He’d begun making the list, but before he could finish it or start calling any of the names on it, he was out of jail. His ex-wife, the once and once again Karin Frechette (Karin Frechette-Creighton-Frechette, he’d called her, when she’d informed him she had decided to return to her maiden name), had put up her equity in the Montclair house as surety for his bond.
“Well, of course,” she’d said, when he called to thank her. “How could I leave you in a jail cell?”
The conversation was a difficult one. He’d asked about the kids, whom he didn’t see as often as his lawyer had suggested, and she said she didn’t think they really knew what was going on. “But I suppose they will,” she said, “before this is over. I just wish it would get cleared up in a hurry.”
“You’re not the only one.”
“Listen,” she said toward the end, “you’re not going to catch a plane to Brazil or anything, are you?”
“I mean, you won’t skip bail, will you? Because I’d hate it if they took the house away from me.”
“I’m not going anywhere,” he told her.
He went to the refrigerator, found a stray bottle of Beck’s hiding behind a carton of orange juice. The juice was clearly past it and he poured it down the sink, then uncapped the beer and drank deeply from the bottle.
Brazil, for the love of God.
What she hadn’t asked—what no one had asked, aside from the two cops, Slaughter and Reade—was whether or not he had done it.
T H E P H O N E R A N G , A N D he had to stop himself from reaching for it, waited dutifully while the machine picked up. “Blair? Hey, guy, been trying to reach you. Could you pick up?” The manner was that of a close friend, a buddy, but the voice was not one he recognized, and the people he was that close to mostly called him John. He waited, and the fellow left a number and an extension. And, not too surprisingly, no name.
On a hunch he rang the number but didn’t punch in the three-digit extension, waiting until an operator came on the line and said, “New York Post, will you hold please?” He replaced the receiver and drank the rest of his beer.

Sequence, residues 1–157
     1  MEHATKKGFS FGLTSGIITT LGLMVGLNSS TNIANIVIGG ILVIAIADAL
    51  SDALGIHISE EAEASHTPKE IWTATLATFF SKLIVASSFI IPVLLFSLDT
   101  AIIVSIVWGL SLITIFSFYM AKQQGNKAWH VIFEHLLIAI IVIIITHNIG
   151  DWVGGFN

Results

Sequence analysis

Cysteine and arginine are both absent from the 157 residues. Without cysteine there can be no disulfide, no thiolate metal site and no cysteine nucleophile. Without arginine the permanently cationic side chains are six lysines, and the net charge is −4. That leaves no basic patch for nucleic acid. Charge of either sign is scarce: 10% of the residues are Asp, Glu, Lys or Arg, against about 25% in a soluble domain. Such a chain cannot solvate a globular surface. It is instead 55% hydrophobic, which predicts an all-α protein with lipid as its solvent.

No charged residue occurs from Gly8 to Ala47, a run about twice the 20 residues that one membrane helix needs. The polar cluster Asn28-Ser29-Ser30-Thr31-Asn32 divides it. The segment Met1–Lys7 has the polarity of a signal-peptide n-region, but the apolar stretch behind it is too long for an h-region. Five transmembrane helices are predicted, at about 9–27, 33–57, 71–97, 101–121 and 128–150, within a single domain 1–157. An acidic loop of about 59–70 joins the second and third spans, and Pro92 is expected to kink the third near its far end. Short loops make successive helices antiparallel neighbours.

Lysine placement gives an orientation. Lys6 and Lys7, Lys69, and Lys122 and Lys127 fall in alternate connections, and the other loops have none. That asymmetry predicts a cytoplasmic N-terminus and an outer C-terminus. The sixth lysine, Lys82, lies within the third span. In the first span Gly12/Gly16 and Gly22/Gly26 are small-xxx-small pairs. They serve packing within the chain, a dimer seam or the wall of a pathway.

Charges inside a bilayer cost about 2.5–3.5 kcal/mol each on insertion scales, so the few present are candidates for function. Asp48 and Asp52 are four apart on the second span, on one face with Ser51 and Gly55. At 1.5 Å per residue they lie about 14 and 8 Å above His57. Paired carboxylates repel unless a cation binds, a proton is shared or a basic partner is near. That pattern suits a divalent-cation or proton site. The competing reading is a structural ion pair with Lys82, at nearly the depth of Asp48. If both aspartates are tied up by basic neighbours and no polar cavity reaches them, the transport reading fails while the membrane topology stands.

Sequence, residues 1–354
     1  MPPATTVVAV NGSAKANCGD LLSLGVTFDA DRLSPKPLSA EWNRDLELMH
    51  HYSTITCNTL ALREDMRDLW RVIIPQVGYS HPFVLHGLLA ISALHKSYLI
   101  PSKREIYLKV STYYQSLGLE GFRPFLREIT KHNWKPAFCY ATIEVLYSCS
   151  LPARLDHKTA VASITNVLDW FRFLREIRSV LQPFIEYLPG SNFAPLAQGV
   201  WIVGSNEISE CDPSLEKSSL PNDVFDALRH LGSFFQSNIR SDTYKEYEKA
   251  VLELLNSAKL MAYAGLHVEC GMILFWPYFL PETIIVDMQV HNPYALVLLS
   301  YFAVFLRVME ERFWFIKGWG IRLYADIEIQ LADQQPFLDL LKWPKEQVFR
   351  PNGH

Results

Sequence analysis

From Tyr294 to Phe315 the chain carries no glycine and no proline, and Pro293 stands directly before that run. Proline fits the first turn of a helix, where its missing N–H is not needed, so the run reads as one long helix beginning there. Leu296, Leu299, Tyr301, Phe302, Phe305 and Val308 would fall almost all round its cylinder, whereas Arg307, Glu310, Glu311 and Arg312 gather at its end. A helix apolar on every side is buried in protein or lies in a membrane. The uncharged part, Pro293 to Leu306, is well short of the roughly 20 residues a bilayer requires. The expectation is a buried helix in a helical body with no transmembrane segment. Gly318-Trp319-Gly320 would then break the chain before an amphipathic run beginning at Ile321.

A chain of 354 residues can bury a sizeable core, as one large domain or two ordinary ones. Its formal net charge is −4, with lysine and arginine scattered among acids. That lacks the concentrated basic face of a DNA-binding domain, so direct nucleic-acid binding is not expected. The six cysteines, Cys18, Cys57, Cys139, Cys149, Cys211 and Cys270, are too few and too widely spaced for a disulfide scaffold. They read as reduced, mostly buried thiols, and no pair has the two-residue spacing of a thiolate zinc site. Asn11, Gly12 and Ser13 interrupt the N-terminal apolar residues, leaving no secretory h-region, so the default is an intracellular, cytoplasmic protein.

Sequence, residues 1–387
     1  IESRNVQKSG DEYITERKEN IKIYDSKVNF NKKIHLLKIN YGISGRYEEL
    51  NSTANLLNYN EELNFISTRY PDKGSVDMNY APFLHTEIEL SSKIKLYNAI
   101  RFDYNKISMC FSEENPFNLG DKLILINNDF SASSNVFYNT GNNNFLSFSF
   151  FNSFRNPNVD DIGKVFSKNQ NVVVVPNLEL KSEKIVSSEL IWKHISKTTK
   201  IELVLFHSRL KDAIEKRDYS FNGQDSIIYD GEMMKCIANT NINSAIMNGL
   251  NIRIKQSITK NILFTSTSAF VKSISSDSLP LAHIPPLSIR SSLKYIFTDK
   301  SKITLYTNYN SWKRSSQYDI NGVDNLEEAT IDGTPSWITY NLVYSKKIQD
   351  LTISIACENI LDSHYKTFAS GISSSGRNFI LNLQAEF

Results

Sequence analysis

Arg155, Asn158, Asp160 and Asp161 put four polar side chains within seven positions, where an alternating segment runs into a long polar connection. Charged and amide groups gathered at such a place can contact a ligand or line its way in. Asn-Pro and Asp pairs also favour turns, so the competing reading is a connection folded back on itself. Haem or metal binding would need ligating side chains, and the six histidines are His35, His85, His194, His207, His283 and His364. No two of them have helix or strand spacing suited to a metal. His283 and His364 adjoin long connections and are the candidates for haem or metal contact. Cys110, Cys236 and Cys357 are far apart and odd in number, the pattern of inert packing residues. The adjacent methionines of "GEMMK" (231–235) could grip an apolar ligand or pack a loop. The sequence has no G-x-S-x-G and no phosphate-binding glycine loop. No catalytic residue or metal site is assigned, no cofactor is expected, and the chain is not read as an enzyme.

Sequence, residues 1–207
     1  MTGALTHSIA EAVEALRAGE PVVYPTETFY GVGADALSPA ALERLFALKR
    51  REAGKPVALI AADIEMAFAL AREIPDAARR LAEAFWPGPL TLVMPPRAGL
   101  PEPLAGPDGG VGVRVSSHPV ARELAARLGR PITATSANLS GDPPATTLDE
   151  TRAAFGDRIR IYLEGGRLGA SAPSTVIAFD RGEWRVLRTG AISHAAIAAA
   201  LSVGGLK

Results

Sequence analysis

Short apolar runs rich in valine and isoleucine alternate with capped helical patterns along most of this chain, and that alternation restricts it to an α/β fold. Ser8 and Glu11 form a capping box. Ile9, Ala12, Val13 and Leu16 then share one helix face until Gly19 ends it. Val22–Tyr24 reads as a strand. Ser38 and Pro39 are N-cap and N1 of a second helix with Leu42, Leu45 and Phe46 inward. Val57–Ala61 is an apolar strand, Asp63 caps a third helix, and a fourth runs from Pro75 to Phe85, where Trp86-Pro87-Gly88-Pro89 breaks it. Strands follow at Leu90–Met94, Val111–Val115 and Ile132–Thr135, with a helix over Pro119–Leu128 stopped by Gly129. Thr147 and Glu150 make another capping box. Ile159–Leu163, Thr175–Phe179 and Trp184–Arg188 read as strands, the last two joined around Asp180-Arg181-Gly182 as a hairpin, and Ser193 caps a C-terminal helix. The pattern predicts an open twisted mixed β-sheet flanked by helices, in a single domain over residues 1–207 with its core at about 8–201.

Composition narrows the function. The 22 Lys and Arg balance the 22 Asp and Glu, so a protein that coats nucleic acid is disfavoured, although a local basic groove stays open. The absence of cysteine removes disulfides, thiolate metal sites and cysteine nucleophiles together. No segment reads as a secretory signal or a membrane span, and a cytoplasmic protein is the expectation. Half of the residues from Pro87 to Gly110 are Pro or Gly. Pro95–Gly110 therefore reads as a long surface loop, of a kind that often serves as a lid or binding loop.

All in all, he preferred the straightforward approach. “Mr.
Creighton, my name’s Alison Mowbray, with the Daily News. I’d love to give you a chance to get your side of the story in front of the public.”
His side of the story.
“They’ll try to persuade you that it’s dangerous to get all the pre-trial publicity flowing in the prosecution’s direction,” Maury Winters had told him, “and there’s some truth in that, but we have to pick the time and the place, and most important the person we talk to. It’s way too early, you haven’t even been indicted yet.” He’d be indicted?
“You think you’re less than a ham sandwich?” And, when he’d just stared in response, the lawyer had explained that one judge had said famously that any good DA could get a ham sandwich indicted. “A grand jury does pretty much what a prosecutor asks it to do, John. You ever been on a grand jury? You’re stuck there every day for a month. After a week or so you’re mean enough to indict a blind man for peeping in windows. You’ll be indicted, and the sooner the better.”
“Because, my friend, I’m happy to say I don’t think much of their case. Usual procedure, I’m out there asking for postpone-ments, looking to delay the start of the trial as long as possible.